Optimization Tests Confirm Knights Landing Performance Projections

Close to a year ago when more information was becoming available about the Knights Landing processor, Intel released projections for its relative performance against two-socket Haswell machines. As one might image, the performance improvements were impressive, but now that there are systems on the ground that can be optimized and benchmarked, we are finally getting a more boots-on-the-ground view into the performance bump.

As it turns out, optimization and benchmarking on the “Cori” supercomputer at NERSC are showing that those figures were right on target. In a conversation with one of the co-authors of a new report highlighting the optimization steps and comparative results, NERSC Engineer in the Advanced Technologies Group, Douglas Doerfler, says there are consistencies between what Intel targeted with Knights Landing (KNL) compared to two-socket Haswell machines (as there will be in the “Cori” system once a pending upgrade is complete—the teams already have some KNL nodes). “We are seeing anywhere from equal performance to Haswell to 2-2.5X performance improvement.”

If there is any lesson from the full report and our chat with Doerfler, however, it is certainly not a matter of simply adding more cores to throw at problems. There are a few key areas that are critical to centers looking to implement KNL and they all take some serious software footwork. As we already described here, one of the most important aspects for nearly all applications using KNL is the availability of the high bandwidth memory. It is very fast memory from a bandwidth perspective, but is capacity limited, so users need to be able to manage the memory hierarchy explicitly and also understand how the cache mode support cooked into KNL can be harnessed.

In addition, the vectorization capabilities (two 512 wide vector units) are critical to achieving stated levels of performance but this presents the commonly-cited challenge of massive software overhauls needed to start taking advantage of high performance architectures like KNL. “Frankly, a lot of the national codes, both classified and for open science are only just now starting to add OpenMP; they’re MPI only and they haven’t worried much about exploiting wide vector units explicitly until now. Some automatically get it, the compiler does the right thing but with 128 and 256-bit SIMDS previously, it was never that important.” Doerfler says it is a huge software burden, but it’s not in a void since, as Intel promised from the first conversations about KNL, optimizations will also improve performance on regular Xeons.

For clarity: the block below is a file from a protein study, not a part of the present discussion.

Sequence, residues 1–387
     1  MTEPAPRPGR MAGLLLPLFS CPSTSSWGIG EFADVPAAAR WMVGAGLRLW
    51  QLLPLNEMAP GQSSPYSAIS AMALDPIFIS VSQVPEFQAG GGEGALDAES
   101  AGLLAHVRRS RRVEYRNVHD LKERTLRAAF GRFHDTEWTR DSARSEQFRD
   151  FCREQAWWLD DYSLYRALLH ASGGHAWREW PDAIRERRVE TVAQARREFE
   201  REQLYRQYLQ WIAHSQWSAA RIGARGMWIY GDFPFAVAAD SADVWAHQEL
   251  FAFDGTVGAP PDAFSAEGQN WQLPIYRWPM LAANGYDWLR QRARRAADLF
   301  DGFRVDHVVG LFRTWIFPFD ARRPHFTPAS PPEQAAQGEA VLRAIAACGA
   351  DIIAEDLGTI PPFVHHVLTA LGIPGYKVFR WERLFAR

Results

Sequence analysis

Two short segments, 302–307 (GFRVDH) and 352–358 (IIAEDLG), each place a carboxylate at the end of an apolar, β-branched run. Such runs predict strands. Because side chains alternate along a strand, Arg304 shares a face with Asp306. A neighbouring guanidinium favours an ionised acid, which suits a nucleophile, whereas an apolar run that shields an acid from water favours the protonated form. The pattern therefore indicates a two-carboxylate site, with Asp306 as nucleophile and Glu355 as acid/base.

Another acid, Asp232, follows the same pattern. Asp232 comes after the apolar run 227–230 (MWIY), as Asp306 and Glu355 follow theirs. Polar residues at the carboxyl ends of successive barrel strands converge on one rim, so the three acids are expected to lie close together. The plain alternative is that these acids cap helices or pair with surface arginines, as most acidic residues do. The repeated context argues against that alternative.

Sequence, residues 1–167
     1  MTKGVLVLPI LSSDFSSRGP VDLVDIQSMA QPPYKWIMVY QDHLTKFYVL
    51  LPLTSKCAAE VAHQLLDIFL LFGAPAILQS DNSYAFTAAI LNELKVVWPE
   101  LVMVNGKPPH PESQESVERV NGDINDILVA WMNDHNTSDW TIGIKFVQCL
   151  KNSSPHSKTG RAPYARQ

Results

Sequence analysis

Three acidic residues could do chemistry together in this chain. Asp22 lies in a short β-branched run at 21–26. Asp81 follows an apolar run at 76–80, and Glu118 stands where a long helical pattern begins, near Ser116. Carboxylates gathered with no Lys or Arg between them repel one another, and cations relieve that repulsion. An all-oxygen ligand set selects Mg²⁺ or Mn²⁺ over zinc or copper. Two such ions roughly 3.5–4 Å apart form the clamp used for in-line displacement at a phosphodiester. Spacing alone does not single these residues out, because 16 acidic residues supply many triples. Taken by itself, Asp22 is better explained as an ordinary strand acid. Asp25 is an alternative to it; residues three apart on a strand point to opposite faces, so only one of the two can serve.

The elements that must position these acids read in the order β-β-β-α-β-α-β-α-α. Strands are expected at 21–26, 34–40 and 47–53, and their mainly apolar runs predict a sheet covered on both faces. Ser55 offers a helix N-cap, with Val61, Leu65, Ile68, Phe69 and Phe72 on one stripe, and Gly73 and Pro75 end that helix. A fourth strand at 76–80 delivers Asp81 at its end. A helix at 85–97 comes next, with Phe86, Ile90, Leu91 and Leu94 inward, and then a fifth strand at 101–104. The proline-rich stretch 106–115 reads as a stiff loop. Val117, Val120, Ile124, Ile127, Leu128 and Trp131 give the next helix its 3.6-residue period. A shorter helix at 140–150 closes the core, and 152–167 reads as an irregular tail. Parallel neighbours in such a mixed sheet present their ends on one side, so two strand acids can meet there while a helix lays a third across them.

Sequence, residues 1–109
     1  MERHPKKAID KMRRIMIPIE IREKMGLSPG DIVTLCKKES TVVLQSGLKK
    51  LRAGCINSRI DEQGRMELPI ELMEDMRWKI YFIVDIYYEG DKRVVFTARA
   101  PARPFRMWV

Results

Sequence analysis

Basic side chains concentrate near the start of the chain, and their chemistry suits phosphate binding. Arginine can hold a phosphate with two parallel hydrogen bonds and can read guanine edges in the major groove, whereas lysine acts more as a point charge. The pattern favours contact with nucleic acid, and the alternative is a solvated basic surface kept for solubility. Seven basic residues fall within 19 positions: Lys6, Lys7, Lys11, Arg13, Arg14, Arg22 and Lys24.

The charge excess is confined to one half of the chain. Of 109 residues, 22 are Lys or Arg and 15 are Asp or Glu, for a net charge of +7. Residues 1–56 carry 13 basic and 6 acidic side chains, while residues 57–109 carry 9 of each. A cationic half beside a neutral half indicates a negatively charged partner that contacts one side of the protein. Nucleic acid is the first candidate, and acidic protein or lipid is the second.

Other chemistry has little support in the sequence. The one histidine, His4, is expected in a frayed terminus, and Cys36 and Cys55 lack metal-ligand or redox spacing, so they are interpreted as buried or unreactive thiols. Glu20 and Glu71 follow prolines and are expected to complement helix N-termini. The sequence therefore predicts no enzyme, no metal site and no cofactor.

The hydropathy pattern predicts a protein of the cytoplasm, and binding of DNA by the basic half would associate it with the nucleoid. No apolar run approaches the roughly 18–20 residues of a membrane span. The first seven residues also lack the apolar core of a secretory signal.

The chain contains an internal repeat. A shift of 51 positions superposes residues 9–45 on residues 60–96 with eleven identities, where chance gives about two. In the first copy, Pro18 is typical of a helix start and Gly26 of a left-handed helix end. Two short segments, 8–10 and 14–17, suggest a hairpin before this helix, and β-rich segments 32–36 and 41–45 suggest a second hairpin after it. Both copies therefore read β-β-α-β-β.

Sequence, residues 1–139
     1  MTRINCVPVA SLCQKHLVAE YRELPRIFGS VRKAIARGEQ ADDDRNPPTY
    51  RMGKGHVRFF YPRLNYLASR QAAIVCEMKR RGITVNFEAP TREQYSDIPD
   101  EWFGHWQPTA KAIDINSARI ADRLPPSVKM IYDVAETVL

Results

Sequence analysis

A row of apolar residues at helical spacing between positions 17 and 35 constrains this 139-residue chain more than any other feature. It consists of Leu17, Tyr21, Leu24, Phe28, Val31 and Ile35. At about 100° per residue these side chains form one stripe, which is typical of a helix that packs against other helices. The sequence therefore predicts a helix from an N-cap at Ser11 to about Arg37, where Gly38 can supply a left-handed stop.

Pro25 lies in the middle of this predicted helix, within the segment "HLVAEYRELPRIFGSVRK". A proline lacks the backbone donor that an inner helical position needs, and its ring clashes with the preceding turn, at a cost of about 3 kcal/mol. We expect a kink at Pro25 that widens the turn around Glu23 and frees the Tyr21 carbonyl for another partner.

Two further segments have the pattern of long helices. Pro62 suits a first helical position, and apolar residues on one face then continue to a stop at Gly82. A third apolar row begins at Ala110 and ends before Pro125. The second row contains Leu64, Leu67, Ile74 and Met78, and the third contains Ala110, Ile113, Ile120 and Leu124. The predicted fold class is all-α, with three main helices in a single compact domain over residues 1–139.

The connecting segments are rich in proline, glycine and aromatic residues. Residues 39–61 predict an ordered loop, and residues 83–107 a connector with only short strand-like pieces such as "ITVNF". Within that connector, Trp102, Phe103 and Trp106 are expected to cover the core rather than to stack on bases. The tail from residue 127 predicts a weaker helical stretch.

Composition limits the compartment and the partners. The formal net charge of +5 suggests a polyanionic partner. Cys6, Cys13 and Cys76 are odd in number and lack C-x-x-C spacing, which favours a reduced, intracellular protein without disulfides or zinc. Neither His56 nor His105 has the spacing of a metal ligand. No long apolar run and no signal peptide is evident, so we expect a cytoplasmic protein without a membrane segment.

If that isn’t enough of an impending software development and modernization headache for shops considering implementing Knights Landing, consider too that for full performance benefits from such an architecture, codes need to exploit far higher levels of fine-grained parallelism. There are a lot more, but less capable cores and each of them has four threads, which means a lot more thread-level parallelism that needs to be exploited. And with this, and the other two areas, Doerfler says seeing the improvements they have benchmarked at NERSC won’t be possible.It is a lot of work, but as his team’s benchmark and roofline model efforts highlight, the performance boost is quite impressive.

To demonstrate this, the team developed a roofline model for KNL with estimated upper bounds for L1, L2, MCDREAM and DDR4. They measured the performance of a suite of applications (proxy kernels, actually) and used the model to determine to what degree they were compute or memory bound. Applications developers then looked a series of optimizations to boost both arithmetic intensity and overall performance and then applied those results back to the model to understand the real benefit for all of the hard optimization work.

The roofline model itself gives a sense of whether a code is compute or memory bound and factors in arithmetic intensity (the amount of data needed to move from the memory subsystem to the number of computations a code has). The premise on the KNL roofline model results is to show the results of different optimization steps, baseline against the roofline, and take a look at how solid the performance gains are.
The roofline model itself gives a sense of whether a code is compute or memory bound and factors in arithmetic intensity (the amount of data needed to move from the memory subsystem to the number of computations a code has). The premise on the KNL roofline model results is to show the results of different optimization steps, baseline against the roofline, and take a look at how solid the performance gains are.

To put this work in light of actual codes, see the example below. The original code (red square shows it has low arithmetic intensity) is also not memory bound either (it’s below the roofline/blue line) but as the optimization efforts demonstrate, arithmetic intensity was bolstered for better performance and with further vectorization steps, more performance was gained.

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Of this effort, the authors say that all of the evaluated applications they tested were able to substantially improve their overall performance on both Haswell and KNL, often by increasing the computational arithmetic intensity and improving memory bandwidth utilization. “Having a visual representation of the performance ceiling helps guide application experts to appropriately focus their optimization efforts.”

Once again, the full paper highlighting the various codes and extensive optimization details can be found here.

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